The delightful food of Morocco is an intriguing frenzy of spices and flavours. Only here you will get to eat savory chicken pastries dressed in powdered sugar and love it! Even if their recipes are a tad strange for our taste buds, as soon as you delve into the sublime blends of spices and herbs, you’ll want to taste and learn more about Moroccan food.
Known for their flavorful dishes, slow-cooked meats, and delicious couscous, the Moroccans add passion and creativity to their cooking. The country’s Arab and Berber traditions have made their way into the local recipes, accompanied by French and Spanish influences. Discover the delightful food of Morocco, and indulge in their most popular specialities:
The couscous is omnipresent in the Moroccan kitchens. Whether it’s couscous with vegetables, lamb, or chicken, this dish is the perfect way to gather the entire family around a big plate and socialize. Prepared from semolina wheat steamed and served with meats or vegetables, the ancient couscous is usually served on Fridays, the Muslim holy day. Originating from the Maghreb culture, the couscous will often make an appearance in various dishes and will accept spices and raisins as companions.
An iconic Moroccan food, tagine is a slow-cooked stew named after the conical clay pot used for cooking it. This stew is made with meat (usually chicken or lamb) and vegetables, accompanied by spices, nuts, and dried fruits. The result is tender meat drowned in an extravaganza of bold flavors. Tagine is usually eaten directly from the pot using a piece of Moroccan flatbread just taken out of the oven. The vegetarian version replaces meat with more vegetables but is as delicious as the original recipe.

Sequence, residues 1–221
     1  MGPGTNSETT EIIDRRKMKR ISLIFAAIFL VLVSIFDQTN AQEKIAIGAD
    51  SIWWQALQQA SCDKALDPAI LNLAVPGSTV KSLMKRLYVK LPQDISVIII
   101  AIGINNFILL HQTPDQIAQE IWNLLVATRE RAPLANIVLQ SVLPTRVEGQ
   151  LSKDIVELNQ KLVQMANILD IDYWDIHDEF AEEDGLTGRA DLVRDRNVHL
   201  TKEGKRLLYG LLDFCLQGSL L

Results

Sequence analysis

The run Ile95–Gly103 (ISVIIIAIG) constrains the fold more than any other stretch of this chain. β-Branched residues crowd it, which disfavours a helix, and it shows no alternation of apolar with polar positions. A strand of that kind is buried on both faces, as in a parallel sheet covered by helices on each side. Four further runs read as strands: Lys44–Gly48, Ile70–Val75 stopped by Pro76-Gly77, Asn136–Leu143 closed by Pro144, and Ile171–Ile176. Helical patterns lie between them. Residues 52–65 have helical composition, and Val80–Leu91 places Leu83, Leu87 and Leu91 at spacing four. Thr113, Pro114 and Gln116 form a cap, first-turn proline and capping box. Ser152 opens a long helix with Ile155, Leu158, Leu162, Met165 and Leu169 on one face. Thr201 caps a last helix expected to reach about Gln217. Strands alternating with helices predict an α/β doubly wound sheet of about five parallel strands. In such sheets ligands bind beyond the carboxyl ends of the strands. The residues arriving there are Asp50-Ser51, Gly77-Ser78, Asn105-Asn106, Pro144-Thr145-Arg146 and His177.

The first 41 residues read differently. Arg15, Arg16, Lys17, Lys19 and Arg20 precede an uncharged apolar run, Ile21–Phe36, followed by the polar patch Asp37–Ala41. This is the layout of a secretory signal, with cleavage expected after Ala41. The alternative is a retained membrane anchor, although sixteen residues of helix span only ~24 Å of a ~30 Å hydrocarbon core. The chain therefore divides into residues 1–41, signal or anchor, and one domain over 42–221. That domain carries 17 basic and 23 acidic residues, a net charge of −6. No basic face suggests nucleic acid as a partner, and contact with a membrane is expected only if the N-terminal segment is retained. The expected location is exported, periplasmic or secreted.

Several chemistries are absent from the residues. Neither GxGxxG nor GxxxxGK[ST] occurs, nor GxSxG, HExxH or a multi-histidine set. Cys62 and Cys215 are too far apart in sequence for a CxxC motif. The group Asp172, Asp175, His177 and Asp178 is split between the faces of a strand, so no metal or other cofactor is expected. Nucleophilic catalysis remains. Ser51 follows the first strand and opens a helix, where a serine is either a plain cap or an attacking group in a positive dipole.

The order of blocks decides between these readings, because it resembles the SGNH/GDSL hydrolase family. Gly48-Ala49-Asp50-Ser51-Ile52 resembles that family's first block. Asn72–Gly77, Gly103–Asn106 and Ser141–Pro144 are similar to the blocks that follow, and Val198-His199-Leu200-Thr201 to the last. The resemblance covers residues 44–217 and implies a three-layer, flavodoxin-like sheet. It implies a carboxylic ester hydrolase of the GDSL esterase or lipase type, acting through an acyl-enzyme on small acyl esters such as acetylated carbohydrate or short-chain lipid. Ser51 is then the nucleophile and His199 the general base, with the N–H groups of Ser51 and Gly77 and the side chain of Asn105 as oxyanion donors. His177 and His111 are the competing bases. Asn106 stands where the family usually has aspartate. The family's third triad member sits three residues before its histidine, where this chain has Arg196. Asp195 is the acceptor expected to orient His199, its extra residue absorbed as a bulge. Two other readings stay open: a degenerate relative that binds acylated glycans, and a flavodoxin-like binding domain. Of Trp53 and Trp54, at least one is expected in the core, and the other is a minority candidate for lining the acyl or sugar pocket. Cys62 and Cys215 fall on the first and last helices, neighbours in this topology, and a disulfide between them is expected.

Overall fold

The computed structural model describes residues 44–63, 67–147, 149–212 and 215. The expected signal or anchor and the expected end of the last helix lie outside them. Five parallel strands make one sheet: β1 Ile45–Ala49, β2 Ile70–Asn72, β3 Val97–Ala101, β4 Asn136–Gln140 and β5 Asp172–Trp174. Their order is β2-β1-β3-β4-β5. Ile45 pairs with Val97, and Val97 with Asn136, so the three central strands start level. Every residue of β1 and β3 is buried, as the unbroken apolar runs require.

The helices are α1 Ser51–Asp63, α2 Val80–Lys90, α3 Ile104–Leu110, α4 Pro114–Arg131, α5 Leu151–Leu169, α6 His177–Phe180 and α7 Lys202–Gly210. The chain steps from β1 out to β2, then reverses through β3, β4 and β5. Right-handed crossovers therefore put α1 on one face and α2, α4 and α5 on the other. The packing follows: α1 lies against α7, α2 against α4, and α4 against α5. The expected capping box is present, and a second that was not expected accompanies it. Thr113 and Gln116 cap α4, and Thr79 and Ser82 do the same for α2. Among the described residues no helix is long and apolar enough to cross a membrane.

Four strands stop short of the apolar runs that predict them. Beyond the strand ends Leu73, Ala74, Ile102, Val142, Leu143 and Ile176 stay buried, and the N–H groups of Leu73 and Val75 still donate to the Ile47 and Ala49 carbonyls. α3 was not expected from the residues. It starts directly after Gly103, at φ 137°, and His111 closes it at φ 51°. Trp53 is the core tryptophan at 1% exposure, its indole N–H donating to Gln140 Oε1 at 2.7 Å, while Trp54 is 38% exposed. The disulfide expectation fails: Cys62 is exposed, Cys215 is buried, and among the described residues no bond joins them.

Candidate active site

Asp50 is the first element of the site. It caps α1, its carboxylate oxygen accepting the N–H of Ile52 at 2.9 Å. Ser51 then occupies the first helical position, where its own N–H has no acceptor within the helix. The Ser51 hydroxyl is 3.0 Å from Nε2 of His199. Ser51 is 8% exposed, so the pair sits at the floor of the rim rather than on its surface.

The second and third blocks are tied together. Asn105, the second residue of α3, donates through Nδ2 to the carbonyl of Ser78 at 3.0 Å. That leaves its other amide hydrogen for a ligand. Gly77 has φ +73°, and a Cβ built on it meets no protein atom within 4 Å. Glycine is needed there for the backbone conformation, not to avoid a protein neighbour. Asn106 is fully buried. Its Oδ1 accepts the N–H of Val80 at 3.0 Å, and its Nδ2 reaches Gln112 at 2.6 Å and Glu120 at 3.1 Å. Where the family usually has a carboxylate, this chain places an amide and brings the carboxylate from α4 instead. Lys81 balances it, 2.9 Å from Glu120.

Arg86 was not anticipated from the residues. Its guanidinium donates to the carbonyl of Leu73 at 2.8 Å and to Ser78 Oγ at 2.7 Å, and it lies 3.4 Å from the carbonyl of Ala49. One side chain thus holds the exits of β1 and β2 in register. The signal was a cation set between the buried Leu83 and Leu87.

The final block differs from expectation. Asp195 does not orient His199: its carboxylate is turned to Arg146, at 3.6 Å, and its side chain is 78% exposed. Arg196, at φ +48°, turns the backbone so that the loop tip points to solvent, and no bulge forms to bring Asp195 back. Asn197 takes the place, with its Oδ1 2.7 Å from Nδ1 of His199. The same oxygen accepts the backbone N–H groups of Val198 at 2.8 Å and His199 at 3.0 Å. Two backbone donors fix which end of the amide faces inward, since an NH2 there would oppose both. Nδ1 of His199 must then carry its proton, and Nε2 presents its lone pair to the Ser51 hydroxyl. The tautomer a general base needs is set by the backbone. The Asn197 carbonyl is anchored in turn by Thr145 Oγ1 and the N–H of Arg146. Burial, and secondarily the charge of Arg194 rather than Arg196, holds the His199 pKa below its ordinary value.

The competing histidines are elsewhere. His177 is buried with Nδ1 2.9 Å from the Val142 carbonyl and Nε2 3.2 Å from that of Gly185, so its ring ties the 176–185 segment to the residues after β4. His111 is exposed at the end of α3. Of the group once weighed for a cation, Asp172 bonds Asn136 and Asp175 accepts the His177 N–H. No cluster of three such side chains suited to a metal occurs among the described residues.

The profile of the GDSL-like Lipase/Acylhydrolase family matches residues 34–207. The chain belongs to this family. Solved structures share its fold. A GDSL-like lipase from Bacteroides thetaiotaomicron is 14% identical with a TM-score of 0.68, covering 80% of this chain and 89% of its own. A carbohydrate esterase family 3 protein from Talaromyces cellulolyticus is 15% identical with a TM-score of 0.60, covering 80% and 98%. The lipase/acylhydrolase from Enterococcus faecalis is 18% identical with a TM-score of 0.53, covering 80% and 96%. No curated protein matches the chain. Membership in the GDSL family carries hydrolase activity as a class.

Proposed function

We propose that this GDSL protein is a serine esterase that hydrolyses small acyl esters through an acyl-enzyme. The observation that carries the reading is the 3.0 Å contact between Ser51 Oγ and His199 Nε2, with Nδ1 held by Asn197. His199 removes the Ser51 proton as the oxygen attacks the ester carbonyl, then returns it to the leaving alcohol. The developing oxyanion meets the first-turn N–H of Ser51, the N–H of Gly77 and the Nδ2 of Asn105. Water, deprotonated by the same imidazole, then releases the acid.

The traditional Harira soup is often served during Ramadan, at sunset, when the fast day has ended. Delicious and hearty, this tomato-based soup is made with chickpeas, lamb, and chaariya (noodles). For the final touches, you’ll feel the presence of lemon juice. Harira is best enjoyed with a chebakkiya, a sweet pretzel that goes surprisingly well with the mixture. You’ll find it in most Moroccan restaurants and it’s a great choice either as lunch or starter.
Moroccan Chicken Bastilla
A spectacular combination of sweet and savory, the Moroccan chicken Bastilla is as intriguing as it sounds. This savory pie made from chicken cooked with eggs, saffron, ginger, and cinnamon, is wrapped in a crispy Warga pastry similar to the phyllo pastry present in the Greek cuisine. The delicious mélange is then topped with fried almonds and caressed by the suave touch of orange flower water. This sublime fusion of textures and aromas is served at special dinners, dressed in a thin layer of powdered sugar.
Boasting long Atlantic and Mediterranean coasts, Morocco delights travelers with a vast variety of seafood and fish dishes. Chermoula is a marinade prepared to accompany seafood and fish. This thick dip is made with a mix of herbs and spices and added to the fish before grilling the dish over coals. As expected, the chermoula marinade varies from village to village, but it always serves its main purpose: to be a loyal and tasty companion to fish dishes.
There’s no talking about the delightful food of Morocco without mentioning the country’s delicious street food. Makouda is one of its proudest representatives, little deep-fried potato balls are often chosen as a side dish for kebabs and calamari, and accompanied by spicy harissa sauce. One of the best places in Morocco to find a variety of Makouda is Djemaa el-Fna square, in Marrakech.
A speciality of the Fassi cuisine originating from Fez, B’stilla is mostly eaten on special occasions because of its complex cooking process. This dish is made from pigeon meat or chicken mixed with a sea of spices, including coriander, parsley, saffron, turmeric, and ginger, as well as eggs, ground almonds, and peanuts. This hearty concoction is then wrapped in a traditional Warqa pastry and baked. For the final touches, you’ll find cinnamon and icing sugar that adds the (missing?!) sweet touch.